Saint Mark: Father of Coptic Christianity
Today we celebrate the man responsible for the oldest Gospel, who also founded an ancient church in Egypt.
While he was not one of the twelve apostles, St Mark wrote down the story of Jesus’ life in what is generally regarded as the oldest of the four gospels (which also happens to be the shortest). His feast is April 25.
It is believed that Mark became St Peter’s traveling companion and wrote down Peter’s sermons during their journeys. These recollections of Peter became the primary source for Mark’s gospel and it is traditionally believed that Mark traveled with Peter to Rome, where the gospel was written.
After spending time with Peter before his death, Mark is said to have journeyed to Alexandria in Egypt. It is there that he established the church, building up a stronghold of Christianity in that region. Eusebius writes about the founding of the church in Alexandria and of the fervor of the early Christians there.
And they say that this Mark was the first that was sent to Egypt, and that he proclaimed the Gospel which he had written, and first established churches in Alexandria.
And the multitude of believers, both men and women, that were collected there at the very outset, and lived lives of the most philosophical and excessive asceticism, was so great, that Philo thought it worth while to describe their pursuits, their meetings, their entertainments, and their whole manner of life.
Alexandria at the time contained a sizable population of Jews, but it is believed that many of the early converts to Christianity were native Egyptians. Traditionally the church at Alexandria is said to have been established by Mark around 42 AD, making it one of the earliest Christian churches to be established.
There is an early tradition (recounted here by the Coptic Orthodox Church in the UK) that recounts Mark’s entrance into the city and a providential meeting with the man who would be his successor.
When Saint Mark entered and walked through the streets of Alexandria, the most famous city in Egypt, his sandals were torn. While Ananias the cobbler was mending Saint Mark’s shoes, his finger was cut from the awl and he cried out: “O the one god!” Saint Mark healed the cobbler’s finger and spoke to him about who the ‘One God’ really was. Ananias invited Saint Mark to his home where he and his household were baptized after having professed their belief in the Christian Faith. Soon afterwards, many others believed and Ananias’s house became the meeting place for the faithful.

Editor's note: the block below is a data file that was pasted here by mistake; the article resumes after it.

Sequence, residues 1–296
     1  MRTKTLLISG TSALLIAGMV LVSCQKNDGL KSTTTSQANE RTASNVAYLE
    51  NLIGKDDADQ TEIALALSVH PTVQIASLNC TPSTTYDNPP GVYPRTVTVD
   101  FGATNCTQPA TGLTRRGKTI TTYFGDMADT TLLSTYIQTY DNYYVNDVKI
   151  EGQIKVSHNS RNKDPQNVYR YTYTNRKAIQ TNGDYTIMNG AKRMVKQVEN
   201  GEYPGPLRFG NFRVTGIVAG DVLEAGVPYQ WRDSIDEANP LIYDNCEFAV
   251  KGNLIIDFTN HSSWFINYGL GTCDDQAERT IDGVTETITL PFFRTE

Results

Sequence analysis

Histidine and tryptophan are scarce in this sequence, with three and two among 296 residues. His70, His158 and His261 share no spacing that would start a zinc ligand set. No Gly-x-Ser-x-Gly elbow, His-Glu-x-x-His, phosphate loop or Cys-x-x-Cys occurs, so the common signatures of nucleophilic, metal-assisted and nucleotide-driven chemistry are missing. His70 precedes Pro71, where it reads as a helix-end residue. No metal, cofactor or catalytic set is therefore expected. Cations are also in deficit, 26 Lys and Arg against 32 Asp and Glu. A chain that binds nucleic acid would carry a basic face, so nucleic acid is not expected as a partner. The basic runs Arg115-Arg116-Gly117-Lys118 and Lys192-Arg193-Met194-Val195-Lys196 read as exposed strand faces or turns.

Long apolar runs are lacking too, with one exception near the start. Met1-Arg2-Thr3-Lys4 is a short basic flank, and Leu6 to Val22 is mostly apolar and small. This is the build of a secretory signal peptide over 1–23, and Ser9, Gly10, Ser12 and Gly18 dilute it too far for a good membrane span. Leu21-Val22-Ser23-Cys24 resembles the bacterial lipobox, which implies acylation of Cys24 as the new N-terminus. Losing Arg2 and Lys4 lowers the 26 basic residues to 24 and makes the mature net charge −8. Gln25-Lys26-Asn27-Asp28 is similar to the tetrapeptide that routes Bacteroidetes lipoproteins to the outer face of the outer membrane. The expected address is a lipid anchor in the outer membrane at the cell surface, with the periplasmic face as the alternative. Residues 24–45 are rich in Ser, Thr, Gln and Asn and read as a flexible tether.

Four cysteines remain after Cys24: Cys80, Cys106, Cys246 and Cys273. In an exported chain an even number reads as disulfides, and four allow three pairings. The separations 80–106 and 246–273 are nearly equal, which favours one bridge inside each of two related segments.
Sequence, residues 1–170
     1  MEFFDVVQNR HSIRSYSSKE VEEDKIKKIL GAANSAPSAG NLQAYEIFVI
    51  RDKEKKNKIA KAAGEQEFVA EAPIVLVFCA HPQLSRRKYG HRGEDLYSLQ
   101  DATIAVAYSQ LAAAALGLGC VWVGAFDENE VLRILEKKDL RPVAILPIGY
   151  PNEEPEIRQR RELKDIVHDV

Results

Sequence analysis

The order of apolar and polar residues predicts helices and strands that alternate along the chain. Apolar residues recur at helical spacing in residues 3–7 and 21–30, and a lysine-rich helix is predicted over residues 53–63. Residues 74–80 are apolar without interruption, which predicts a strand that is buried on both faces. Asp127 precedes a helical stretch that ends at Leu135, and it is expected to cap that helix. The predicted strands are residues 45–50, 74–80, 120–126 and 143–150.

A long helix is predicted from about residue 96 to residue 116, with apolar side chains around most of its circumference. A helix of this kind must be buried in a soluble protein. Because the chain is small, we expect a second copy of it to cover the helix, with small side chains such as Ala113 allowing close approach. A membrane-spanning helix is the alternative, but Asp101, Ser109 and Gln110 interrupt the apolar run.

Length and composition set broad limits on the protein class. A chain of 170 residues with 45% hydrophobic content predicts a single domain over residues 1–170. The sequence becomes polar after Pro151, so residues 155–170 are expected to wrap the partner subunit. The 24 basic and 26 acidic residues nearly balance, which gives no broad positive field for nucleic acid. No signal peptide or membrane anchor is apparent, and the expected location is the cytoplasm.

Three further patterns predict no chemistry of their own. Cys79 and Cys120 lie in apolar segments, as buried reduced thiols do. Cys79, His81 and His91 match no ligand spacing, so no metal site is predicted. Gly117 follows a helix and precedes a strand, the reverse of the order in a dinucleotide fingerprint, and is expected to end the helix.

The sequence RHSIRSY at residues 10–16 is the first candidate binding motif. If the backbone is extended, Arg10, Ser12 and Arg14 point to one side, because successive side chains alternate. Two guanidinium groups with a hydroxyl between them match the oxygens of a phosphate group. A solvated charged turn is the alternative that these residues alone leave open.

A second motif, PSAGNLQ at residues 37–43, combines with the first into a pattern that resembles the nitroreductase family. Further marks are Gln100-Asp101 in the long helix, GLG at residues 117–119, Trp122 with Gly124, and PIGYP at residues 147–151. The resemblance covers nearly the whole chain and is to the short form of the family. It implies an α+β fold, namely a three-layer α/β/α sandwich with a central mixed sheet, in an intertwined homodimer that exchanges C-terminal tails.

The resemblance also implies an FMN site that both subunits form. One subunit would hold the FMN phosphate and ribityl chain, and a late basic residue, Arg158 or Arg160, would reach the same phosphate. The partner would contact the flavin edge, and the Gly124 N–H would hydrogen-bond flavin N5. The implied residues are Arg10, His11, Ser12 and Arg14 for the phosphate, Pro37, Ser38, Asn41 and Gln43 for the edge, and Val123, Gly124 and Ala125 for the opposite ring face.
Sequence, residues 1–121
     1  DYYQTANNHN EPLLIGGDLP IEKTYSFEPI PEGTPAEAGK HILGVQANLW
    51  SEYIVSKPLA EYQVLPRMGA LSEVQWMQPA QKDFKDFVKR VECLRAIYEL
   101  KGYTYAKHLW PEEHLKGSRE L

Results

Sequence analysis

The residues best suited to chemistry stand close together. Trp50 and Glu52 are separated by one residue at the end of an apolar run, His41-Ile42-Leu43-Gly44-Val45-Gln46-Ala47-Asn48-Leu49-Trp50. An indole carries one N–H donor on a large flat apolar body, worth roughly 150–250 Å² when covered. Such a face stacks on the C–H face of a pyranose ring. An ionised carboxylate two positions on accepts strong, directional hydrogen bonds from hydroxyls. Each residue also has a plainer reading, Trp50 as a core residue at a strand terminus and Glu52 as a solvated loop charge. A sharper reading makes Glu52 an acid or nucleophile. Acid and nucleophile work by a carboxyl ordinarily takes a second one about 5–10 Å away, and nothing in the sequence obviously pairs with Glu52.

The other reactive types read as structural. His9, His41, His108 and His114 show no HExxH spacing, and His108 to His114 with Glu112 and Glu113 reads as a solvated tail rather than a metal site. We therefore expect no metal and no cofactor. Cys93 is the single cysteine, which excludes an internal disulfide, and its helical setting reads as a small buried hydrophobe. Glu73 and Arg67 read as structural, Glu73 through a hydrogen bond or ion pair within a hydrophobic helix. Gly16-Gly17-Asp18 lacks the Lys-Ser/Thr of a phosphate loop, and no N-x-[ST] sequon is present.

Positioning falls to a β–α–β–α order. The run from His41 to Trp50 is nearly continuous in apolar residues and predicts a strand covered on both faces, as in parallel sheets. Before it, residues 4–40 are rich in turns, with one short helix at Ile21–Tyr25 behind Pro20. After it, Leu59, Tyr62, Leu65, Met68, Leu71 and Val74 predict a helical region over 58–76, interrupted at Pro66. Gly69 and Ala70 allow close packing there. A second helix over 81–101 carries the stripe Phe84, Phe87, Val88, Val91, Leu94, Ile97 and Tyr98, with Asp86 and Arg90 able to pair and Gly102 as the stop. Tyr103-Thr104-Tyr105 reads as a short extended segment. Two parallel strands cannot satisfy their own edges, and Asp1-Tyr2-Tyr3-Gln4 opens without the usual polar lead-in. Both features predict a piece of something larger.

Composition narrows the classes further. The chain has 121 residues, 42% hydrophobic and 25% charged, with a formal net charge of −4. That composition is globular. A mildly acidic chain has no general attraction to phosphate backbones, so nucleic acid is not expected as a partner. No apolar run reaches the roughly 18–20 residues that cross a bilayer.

In 62 AD, Saint Mark decided to leave Egypt to visit the new believers he had preached to in the Pentapolis. Before leaving, he ordained Ananias as bishop. He also founded a church in the Crypt where the Holy Family had taken refuge, thus fulfilling the prophesy of Isaiah: “In that day there will be an altar to the Lord in the midst of the land of Egypt, and a pillar to the Lord at its border… Then the Lord will be known to Egypt, and the Egyptians will know the Lord in that day” (Isaiah 19:19,21).
The Palm Sunday bombing in Egypt was at the St. Mark Coptic Cathedral in Alexandria, which is believed to have been built on the original site of Saint Mark’s first church in Alexandria and is the historical location of the ancient See of Alexandria.
On account of its early establishment, the church in Alexandria became known as one of the most important centers of Christianity and its leader was referred to as pappas or “Father” and later on as “Pope.” Some historians believe Mark led the Christians in Egypt for about 20 years before his martyrdom around the year 68. Before his death Mark ordained a bishop (Ananias), three priests and seven deacons to help him minister to the community. By the 3rd century the church in Alexandria was second in importance only to Rome.
Besides spreading the Christian faith throughout Egypt, Saint Jerome claims that Mark established an early school of learning that became the foundation for the famous Catechetical School of Alexandria. This school was well known in the ancient world and proved to be a vital center of philosophical and religious learning in the early centuries of Christianity.
All Coptic churches trace their lineage to Saint Mark and regard him as the Father of Coptic Christianity.